The City Below
Ever since Kate had first learned about the Skilled she had always expected them to look different from most people in some way. Not one of the people standing around her was extraordinary, but the one feature they all shared was their unnaturally dark eyes. Kate had heard that the more time the Skilled spent looking into the veil the darker their eyes were meant to become, and even in the brightness of the lantern light their eyes looked as though their pupils had leaked out to overtake everything else, leaving just a faint line of their true colours circling around the edge.
Kate realised she was staring and looked away.
‘My name is Mina,’ said the woman. ‘Edgar asked us to wait for you both here. Do you know where he is?’
‘No,’ said Kate. ‘We got separated.’
‘He was worried that might happen. We have no choice but to go on without him. Here, he left this for you.’ Mina handed her a tiny roll of paper tied with string.
Kate recognised Edgar’s handwriting on the outside of the roll. ‘But … how do you know Edgar?’ she asked.
‘We have known him since he was a boy,’ said Mina.
The men all nodded together. ‘He’s a good lad,’ said one of them. ‘He’s had no kind of life. No kind of life at all.’
Kate was confused. Was there anyone in Albion who didn’t know Edgar?
‘There is no time to read the letter now,’ said Mina. ‘But soon. When we are safe. The council will not find you where we are going. This way.’
Kate held the little letter tightly as the Skilled led her down into the house’s cellar. One by one they stepped through a door disguised as a stack of shelves and came out upon an underground path that was very different from the tunnels Kate had seen beneath Morvane. This path was not just an ordinary tunnel, it looked like it had once been above the ground. Its walls were the fronts of two rows of houses facing one another, light came from candles propped on the outside of window sills and the path was wide and cobbled, with worn wheelmarks where carriages had once run.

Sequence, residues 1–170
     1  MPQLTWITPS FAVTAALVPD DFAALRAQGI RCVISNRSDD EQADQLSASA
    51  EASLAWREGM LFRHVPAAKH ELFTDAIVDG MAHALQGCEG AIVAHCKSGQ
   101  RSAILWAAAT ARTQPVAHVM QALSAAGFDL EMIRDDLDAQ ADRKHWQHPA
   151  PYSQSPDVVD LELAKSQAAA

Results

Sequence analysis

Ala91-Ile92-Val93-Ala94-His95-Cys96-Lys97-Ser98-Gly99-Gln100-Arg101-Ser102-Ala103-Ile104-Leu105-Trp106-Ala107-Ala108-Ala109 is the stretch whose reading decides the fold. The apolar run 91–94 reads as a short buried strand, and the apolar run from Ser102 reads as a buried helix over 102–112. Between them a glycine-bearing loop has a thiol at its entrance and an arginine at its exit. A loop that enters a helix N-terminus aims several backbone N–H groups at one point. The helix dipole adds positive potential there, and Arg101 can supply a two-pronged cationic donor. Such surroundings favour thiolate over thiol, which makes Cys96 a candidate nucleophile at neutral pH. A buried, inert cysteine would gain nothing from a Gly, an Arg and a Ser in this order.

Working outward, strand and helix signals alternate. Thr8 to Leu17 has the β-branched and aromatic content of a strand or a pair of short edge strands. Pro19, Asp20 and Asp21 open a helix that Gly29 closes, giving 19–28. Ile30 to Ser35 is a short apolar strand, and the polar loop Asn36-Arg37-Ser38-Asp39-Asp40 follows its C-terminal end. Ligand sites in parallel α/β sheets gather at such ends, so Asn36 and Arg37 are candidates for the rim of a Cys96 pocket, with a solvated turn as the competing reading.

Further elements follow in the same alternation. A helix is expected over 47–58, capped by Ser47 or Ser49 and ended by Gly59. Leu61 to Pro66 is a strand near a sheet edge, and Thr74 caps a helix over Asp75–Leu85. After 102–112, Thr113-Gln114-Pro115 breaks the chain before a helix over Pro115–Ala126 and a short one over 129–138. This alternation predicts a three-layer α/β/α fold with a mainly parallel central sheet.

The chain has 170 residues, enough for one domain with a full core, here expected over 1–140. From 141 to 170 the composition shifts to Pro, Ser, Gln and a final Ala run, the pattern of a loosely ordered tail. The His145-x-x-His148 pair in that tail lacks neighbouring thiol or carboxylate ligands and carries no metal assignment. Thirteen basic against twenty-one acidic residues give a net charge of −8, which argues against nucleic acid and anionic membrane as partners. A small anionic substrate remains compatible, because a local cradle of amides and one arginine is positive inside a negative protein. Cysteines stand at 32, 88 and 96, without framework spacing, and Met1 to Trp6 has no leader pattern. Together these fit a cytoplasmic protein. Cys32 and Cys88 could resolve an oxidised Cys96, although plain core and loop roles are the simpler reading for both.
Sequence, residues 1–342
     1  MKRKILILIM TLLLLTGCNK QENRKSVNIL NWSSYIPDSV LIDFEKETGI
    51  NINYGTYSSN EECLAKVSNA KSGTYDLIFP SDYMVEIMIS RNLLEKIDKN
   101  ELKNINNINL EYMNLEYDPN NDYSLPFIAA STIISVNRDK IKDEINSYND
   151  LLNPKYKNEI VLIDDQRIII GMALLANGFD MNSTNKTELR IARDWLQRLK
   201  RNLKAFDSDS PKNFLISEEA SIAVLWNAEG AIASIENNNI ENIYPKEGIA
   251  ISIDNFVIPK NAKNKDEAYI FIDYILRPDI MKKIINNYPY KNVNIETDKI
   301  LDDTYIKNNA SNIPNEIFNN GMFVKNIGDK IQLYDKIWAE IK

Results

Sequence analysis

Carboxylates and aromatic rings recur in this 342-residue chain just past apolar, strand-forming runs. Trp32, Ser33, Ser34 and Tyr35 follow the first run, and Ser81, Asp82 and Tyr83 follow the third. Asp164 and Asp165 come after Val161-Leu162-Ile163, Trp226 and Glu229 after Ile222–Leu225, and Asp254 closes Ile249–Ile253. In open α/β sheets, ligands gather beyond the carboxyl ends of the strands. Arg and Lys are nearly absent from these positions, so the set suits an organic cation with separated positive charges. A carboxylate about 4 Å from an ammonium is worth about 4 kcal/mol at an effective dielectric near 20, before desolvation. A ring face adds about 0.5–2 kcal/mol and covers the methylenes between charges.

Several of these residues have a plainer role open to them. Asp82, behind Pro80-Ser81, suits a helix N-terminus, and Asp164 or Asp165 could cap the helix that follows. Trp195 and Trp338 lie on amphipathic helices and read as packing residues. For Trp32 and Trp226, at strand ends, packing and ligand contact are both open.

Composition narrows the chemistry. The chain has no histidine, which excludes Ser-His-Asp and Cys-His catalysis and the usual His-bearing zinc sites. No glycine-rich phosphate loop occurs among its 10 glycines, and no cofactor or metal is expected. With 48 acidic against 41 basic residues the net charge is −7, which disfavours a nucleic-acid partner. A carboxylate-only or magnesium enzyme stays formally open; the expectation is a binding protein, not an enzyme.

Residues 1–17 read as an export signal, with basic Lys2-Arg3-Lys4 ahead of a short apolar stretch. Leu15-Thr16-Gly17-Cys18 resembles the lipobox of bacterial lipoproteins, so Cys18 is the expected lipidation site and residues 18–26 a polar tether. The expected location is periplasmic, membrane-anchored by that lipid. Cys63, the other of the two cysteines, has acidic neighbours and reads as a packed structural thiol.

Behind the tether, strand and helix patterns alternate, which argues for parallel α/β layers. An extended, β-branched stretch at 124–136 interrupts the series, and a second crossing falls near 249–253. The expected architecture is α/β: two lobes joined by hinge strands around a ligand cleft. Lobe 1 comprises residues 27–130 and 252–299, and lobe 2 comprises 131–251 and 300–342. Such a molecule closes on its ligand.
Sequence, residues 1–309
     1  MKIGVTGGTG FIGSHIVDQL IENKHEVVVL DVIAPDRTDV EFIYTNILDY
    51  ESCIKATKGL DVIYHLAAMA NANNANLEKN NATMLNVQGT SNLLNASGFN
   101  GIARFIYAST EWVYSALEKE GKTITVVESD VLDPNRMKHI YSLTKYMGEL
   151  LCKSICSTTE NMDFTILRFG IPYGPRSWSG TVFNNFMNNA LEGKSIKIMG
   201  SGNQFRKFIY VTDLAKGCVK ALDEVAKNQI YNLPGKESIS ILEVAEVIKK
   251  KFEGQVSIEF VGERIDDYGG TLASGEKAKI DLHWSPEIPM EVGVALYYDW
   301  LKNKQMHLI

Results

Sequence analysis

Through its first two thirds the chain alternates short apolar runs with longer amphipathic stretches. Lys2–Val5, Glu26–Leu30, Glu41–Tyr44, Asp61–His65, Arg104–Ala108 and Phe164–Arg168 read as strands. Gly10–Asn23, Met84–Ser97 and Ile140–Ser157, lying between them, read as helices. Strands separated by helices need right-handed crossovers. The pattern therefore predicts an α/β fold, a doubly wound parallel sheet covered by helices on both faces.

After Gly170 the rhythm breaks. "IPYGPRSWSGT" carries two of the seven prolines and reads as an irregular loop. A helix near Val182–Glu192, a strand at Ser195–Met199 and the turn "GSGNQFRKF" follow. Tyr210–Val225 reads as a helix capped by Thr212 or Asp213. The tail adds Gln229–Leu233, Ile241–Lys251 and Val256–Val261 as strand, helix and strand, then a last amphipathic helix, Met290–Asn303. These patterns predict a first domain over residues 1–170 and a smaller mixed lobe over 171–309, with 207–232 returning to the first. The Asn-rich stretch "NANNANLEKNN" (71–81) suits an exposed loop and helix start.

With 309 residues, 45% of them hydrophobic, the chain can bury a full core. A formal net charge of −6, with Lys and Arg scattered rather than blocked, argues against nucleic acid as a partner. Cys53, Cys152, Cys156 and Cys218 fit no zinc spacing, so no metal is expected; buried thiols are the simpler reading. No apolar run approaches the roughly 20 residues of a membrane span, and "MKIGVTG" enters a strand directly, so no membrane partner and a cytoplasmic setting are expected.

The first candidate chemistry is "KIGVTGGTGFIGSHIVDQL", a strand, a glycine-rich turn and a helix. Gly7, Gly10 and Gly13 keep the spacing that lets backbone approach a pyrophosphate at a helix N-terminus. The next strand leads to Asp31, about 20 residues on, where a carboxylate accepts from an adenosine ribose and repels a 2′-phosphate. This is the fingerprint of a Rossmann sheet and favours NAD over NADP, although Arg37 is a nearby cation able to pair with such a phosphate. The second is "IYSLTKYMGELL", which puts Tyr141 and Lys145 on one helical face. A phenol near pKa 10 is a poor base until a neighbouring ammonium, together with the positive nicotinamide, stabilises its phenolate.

The few windows that had survived the years reflected the group’s lanterns as they walked past, but the houses had no doors, only bricked-up arches where they had once been, and the rooms inside had long since been buried under fallen earth.
‘Will Edgar be able to find us down here?’ asked Kate.
‘He knows the way,’ said Mina. ‘But I do not hold much hope for his safe return. It will not take long for the wardens to see through his lie. We all told him it was foolish of him to go back.’
‘Back? Back where?’
‘I will explain everything soon. For now, we must walk.’
The understreets seemed to wind on forever, linked together by staircases and bridges that spanned deep chasms sliced into the earth. Looking over the side of those bridges was like looking down into the underworld. Some of the chasms had people working in them, hanging from long rope harnesses and chipping away at the rock, while others were abandoned and so deep that it was impossible to see the bottom of them in the dark.
‘Graverobbers,’ said Mina. ‘In the bonemen’s time, the Night Train carried coffins here, and they laid the bodies to rest in long tombs that run deep beneath our feet. Fume’s towers were built as memorials to the families laid to rest beneath them, but since the High Council took it as their capital they have made it a place to be feared, not respected. The bonemen are gone and the Night Train carries the living into slavery, war and death. That is not the way things are meant to be.’
Kate dared to lean out a little further over the side.
‘Do not let them see you!’ whispered Mina. ‘The wardens are the graverobbers’ enemies as well as ours, but they would not hesitate to report us if they decided it was worth something to them.’
Mina’s group did their best to stay out of sight and headed down a narrow tunnel that had been cut into an old rock fall. Mina unlocked a green door hidden behind a flap of cloth and Kate followed her into a beautiful street lit by tiny lanterns hanging down from its ceiling. It was an arched cavern lined with red bricks and metal frames that protected the houses underneath from collapse. Every one of them was as perfect as the day they were built. There was even a working fountain in the very centre and lanterns edging the paths, giving the street a warm friendly glow.